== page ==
9. 9. Sp. Binding agents like EDTA, defroxamine and d-pencillamine act by chelation of metal forming more water soluble complex Antivenins and antibodies against digitoxin are immunologicaly genrated agents that bind specifically to the toxin or venom Metabolic conversion: Detoxification to less toxic product Nitrite interact with hemoglobin and cyanide to form cyanomethamoglobin , which is less toxic than cyanide and interfere with the cyanide access to cytochrome oxidase system.
  10. 10. PHYSIOLOGICAL ANTIDOTE: • They act by producing opposite effect to that of poison. • Sodium nitrite converts hemoglobin into methemoglobin in order to bind cyanide.
  11. 11. PHARMACOLOGICAL ANTIDOTE: • Counteract the effects of a poison by producing the opposite pharmacological effects, e.g. ACHE inhibitors atropine • Pharmacologic antidotes may neutralize or antagonize the effects of a toxicant. • This type of antidote may act by following 5 mechanism-
  12. 12. 1. Preventing the formation of toxic metabolites: More effective when given immediately before toxic metabolic activation Example: Ethanol and 4-methylpyrazole(4-mp) which compete with the alcohol dehydrogenase which prevent the formation of toxic intermediate from ethylene glycol. 2. By facilitation of more rapid or complete elimination of A toxicant : Change the physiochemical nature of toxin, allowing better glomerular filtration and prohibit tubular reabsorption. e.g. Molybdenum and sulfate for copper toxicity by making water soluble complex,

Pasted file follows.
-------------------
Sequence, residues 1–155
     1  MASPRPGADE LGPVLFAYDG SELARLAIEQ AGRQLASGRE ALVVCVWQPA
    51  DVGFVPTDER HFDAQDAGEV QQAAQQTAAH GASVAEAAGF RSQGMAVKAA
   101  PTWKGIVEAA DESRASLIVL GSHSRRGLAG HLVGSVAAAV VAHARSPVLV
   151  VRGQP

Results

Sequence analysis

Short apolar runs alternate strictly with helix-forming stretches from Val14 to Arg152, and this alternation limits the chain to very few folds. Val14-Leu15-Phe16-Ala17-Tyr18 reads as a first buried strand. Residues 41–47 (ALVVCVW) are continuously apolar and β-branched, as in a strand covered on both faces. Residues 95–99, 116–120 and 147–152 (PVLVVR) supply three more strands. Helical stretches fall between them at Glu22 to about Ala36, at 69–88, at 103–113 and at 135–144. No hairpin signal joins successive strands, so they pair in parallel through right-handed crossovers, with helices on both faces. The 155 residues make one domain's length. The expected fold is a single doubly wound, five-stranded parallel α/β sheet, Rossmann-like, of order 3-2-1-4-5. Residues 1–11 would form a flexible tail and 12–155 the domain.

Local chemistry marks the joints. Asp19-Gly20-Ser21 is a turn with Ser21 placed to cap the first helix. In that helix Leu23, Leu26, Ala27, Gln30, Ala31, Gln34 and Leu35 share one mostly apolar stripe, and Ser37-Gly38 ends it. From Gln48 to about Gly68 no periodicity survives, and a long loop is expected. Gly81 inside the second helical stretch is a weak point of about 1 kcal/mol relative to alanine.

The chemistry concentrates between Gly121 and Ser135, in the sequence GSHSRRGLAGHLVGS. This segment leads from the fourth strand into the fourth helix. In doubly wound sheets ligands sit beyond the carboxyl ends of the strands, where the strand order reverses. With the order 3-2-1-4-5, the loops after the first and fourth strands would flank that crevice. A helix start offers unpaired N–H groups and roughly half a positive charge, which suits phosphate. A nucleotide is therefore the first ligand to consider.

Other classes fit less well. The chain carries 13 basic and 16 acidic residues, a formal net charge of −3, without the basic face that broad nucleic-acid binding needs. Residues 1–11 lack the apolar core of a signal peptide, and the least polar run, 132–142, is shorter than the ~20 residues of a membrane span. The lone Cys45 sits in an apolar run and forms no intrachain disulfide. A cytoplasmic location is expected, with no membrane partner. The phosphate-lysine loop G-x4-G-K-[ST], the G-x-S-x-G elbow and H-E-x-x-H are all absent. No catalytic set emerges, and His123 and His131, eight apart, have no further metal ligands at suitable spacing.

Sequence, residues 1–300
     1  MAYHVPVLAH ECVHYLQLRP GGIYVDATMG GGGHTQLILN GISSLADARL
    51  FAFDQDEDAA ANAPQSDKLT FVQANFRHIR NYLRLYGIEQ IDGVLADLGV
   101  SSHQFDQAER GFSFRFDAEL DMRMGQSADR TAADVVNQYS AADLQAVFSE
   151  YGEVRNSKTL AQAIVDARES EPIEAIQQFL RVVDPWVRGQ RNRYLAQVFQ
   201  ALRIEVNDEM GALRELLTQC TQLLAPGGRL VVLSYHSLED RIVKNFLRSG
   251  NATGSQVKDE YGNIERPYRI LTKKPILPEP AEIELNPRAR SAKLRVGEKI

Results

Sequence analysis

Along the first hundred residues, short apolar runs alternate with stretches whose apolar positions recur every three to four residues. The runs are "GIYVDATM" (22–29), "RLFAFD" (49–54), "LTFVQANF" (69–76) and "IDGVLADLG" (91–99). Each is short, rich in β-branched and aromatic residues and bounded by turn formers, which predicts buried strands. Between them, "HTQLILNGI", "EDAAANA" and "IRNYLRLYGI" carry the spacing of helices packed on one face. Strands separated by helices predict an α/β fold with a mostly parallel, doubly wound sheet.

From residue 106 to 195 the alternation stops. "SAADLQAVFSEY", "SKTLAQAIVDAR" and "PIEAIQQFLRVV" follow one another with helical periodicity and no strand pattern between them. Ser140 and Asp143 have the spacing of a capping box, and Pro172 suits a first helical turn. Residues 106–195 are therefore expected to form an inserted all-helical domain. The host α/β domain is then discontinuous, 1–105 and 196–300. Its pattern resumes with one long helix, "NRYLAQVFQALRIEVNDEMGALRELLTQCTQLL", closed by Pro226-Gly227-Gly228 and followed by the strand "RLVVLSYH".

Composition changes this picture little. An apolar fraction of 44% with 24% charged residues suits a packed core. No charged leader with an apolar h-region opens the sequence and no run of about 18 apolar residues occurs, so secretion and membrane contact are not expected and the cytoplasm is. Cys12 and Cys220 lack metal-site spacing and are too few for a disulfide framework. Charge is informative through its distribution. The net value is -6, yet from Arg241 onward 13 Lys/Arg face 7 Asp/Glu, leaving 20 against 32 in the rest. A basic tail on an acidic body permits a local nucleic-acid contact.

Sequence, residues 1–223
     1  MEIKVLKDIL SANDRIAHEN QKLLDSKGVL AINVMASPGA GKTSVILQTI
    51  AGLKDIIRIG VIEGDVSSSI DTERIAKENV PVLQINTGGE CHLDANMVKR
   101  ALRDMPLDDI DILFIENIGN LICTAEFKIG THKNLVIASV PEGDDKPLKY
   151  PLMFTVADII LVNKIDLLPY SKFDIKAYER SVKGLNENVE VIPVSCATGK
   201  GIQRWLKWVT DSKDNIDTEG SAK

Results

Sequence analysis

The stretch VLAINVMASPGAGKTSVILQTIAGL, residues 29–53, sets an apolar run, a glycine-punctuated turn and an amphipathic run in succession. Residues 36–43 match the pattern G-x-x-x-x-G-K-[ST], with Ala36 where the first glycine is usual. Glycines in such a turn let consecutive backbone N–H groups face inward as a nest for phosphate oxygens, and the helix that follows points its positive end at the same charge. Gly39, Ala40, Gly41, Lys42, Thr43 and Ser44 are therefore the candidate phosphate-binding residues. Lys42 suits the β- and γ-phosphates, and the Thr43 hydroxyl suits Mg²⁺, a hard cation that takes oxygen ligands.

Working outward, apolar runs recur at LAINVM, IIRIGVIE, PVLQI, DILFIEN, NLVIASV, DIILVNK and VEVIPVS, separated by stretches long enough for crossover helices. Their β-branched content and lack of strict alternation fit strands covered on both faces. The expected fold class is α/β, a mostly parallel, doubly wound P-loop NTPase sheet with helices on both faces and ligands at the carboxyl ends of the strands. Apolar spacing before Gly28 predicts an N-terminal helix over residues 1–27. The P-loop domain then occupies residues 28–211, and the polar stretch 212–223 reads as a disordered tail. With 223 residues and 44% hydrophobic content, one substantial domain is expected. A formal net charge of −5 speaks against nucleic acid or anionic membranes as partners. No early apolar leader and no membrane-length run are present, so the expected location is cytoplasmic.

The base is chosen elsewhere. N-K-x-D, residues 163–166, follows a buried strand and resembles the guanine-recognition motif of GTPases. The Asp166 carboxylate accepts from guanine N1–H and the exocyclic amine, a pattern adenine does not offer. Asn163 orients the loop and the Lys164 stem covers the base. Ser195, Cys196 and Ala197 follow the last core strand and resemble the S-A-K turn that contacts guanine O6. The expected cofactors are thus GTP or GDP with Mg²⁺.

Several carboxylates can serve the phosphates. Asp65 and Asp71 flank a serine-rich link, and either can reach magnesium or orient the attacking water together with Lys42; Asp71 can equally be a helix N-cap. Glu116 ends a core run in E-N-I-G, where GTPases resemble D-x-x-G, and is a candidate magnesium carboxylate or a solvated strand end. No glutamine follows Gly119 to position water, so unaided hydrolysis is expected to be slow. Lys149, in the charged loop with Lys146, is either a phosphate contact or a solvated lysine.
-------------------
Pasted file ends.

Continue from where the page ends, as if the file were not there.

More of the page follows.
13. 13. 3. By competing with the toxicant’s action at a receptor site: a) Antagonism: Competitive antagonism: Naloxone/naltrexone: opioid dependence, longer action and affinity for mu receptor. Flumenazil: antagonist for benzodiazepine Atropine: organophosphate, carbamate and other parasympathomimetic antidote. It is also used to correct bradycardia caused by morphine, digitalis, beta blockers
  14. 14. non competitive antagonism: calcium gluconate: used for calcium channel blocker especially verapamil black widow spider bite lead colic oxalic acid paralidoxime : CHE activator act by breaking alkyl phosphate che bond. it is used in organophosphate toxicity. diacetyl monoxyime(dam): action same as pam but with more bbb penetration.
  15. 15. 4. By blocking receptors responsible for the toxic effect : The physiologic effect induced by a toxin is prevented by an antidote, although the toxicant is unchanged and may still be active. Example: Atropine blocks the physiologic effect of acetylcholine at cholinergic synapse and neuromuscular junction in organophosphate toxicity
  16. 16. 5. By aiding in the restoration of normal function: The antidote promotes return to normal function by repairing a defect or enhancing a function that correct the effect of poison. Example: Methylene blue: In nitrite poisoning, methylene blue interact with reduced NADPH to reduce the ferric iron of methemoglobin back to ferrous ion in hemoglobin, which can again transport oxygen Acetylcysteine : Acetylcysteine supplies the precursor amino acids for glutathione, which serves as biologic antioxidant against acetaminophen toxicities